Donaghy pleads guilty, could face up to 25 years in prison

NEW YORK -- Tim Donaghy started making NBA bets four years
ago, and he didn't hesitate to wager on games he worked.

Speaking in code during telephone calls, he tipped off
high-stakes gamblers with inside information and recommended which
teams to bet on. When his picks hit, he was paid $5,000.

The stunning allegations emerged Wednesday as the disgraced
former NBA referee pleaded guilty to two felony charges in a
scandal that rocked the league and tarnished the integrity of the

"By having this nonpublic information, I was in a unique
position to predict the outcome of NBA games," Donaghy, standing
ramrod-straight with his hands clasped in front of him, told the
judge in a Brooklyn courtroom.

Donaghy, who was released on $250,000 bond, faces a maximum of
25 years in prison when he is sentenced Nov. 9 for conspiracy to
engage in wire fraud and transmitting betting information through
interstate commerce. He also must pay a $500,000 fine and at least
$30,000 in restitution to the government.

Commissioner David Stern said the NBA would "continue with our
ongoing and thorough review of the league's officiating program to
ensure that the best possible policies and procedures are in place
to protect the integrity of our game."

Defense attorney John Lauro told The Associated Press that
Donaghy was "relieved this part of the proceeding is over and we
look forward to completely resolving this matter in the coming

"Tim deeply regrets his involvement in this matter and
especially the pain it has caused his family, friends and
co-workers," Lauro said.

The plea had been widely expected in recent weeks, but court
documents released Wednesday revealed new details about the depth
of the scandal.

Court papers say the 40-year-old Donaghy began placing bets on
NBA games in 2003. Starting last December, he began giving gambling
associates sensitive information, including which crews would
officiate games and how the various officials and players

His actions "compromised his objectivity as a referee because
of his personal financial interest in the outcome of NBA games,"
the government said.

It was highly lucrative for Donaghy. While in Toronto, Phoenix
and Washington, D.C., to referee games earlier this year, Donaghy
received thousands of dollars in cash payoffs from the gamblers,
authorities said.

They did not spell out specific games that Donaghy officiated
and placed bets on, nor would they say if he made calls during the
game to help a team cover the spread.

In one exchange, according to court papers, Donaghy provided a
tip about an NBA game on Dec. 13, 2006. That same day, he worked a
76ers game in Philadelphia against the Boston Celtics.

The next day, Donaghy met with the gamblers in Pennsylvania and
received a cash payment, authorities say. A person close to the
investigation, speaking on condition of anonymity because the case
is ongoing, said the payment was for a successful tip on the
76ers-Celtics game.

The point spread moved two points before the game went off the
board -- a fairly significant swing -- with Boston going from a
1½-point favorite to a 3½-point choice. Boston won by 20.

The two alleged co-conspirators, identified by prosecutors as
James Battista, a professional gambler with the nicknames "Baba"
and "Sheep," and Thomas Martino, also appeared in court
Wednesday. They were ordered released on $250,000 bond after their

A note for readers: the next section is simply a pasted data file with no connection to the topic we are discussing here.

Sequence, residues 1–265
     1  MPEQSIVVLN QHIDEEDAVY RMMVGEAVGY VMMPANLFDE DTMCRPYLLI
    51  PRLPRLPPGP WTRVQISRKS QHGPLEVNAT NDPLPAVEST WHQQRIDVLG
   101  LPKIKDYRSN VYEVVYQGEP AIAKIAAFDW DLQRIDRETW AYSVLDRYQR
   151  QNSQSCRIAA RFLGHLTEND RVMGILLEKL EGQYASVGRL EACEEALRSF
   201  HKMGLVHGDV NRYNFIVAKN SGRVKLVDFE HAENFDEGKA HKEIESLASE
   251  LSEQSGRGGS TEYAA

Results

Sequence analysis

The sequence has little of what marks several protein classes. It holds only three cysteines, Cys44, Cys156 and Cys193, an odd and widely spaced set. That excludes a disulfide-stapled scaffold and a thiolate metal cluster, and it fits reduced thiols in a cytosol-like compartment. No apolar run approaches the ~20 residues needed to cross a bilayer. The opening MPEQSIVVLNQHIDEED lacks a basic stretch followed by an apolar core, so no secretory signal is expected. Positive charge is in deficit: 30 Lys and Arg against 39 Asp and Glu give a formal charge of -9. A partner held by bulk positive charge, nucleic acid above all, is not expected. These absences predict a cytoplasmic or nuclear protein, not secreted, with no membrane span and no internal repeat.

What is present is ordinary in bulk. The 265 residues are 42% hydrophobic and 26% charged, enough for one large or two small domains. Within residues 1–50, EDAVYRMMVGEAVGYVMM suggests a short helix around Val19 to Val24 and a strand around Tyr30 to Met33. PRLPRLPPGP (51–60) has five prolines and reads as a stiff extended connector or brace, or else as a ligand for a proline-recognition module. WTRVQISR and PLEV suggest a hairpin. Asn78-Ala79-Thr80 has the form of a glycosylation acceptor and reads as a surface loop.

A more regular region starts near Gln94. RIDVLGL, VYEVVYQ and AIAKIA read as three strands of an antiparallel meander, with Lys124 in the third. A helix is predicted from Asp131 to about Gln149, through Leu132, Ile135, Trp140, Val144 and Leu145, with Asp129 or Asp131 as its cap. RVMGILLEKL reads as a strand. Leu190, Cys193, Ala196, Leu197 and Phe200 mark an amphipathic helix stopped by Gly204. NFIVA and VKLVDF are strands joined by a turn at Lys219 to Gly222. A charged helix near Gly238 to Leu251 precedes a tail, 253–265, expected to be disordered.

arraignment on charges of conspiracy to defraud the NBA.

Battista's lawyer, Jack McMahon, said a grand jury is expected
to hear the case and, if indicted, his client intends to plead

"Mr. Donaghy walked away with a nice situation for himself. He
is the linchpin and he seems to have worked his way into a nice
situation," McMahon said. "I don't know if that is fair."

The betting scheme was uncovered during an investigation into
the Gambino crime family in Brooklyn. None of the defendants in
this case was charged with organized crime affiliation.

"He has no more association with an organized crime family than
me, and I'm not associated with any organized crime," said
McMahon, Battista's lawyer.

Stern said last month that the FBI first contacted the NBA on
June 20 to talk about a referee alleged to be gambling on games,
and Donaghy resigned July 9 after 13 years as an official. Stern
said he would have fired him sooner but was told it might affect
the investigation.

Stern blamed a "rogue, isolated criminal" for a scandal that
threatened the credibility of every referee. But players are trying
not to get too caught up in it.

"Honestly, I don't think anybody's thinking about it. Us
players, we haven't discussed it," superstar Kobe Bryant said.
"It's not something that's on the radar for us. We know that the
commissioner and the league and whoever else is handling the
situation, they're going to take care of it, so we don't have much
to worry about."

Donaghy, who earned $260,000 last year, was rated in the top
tier of officials, and there was nothing suspicious about the
frequency of his foul calls, Stern said. He was assigned to work in
the second round of the playoffs, with his last NBA game coming
during the Phoenix-San Antonio Western Conference semifinal.

The NBA places huge restrictions on NBA referees when it comes
to gambling. They are not allowed to enter a casino, for example.

"An unfortunate situation has taken place," New Jersey Nets
guard Jason Kidd said. "But I think the NBA will definitely learn
from this but move forward. Win or lose, the players control

Donaghy turned over his passport and must seek permission to
travel anywhere other than Pennsylvania, Florida or New York.

In court, Donaghy said he is receiving psychiatric treatment for
his gambling problem and is taking antidepressant and anxiety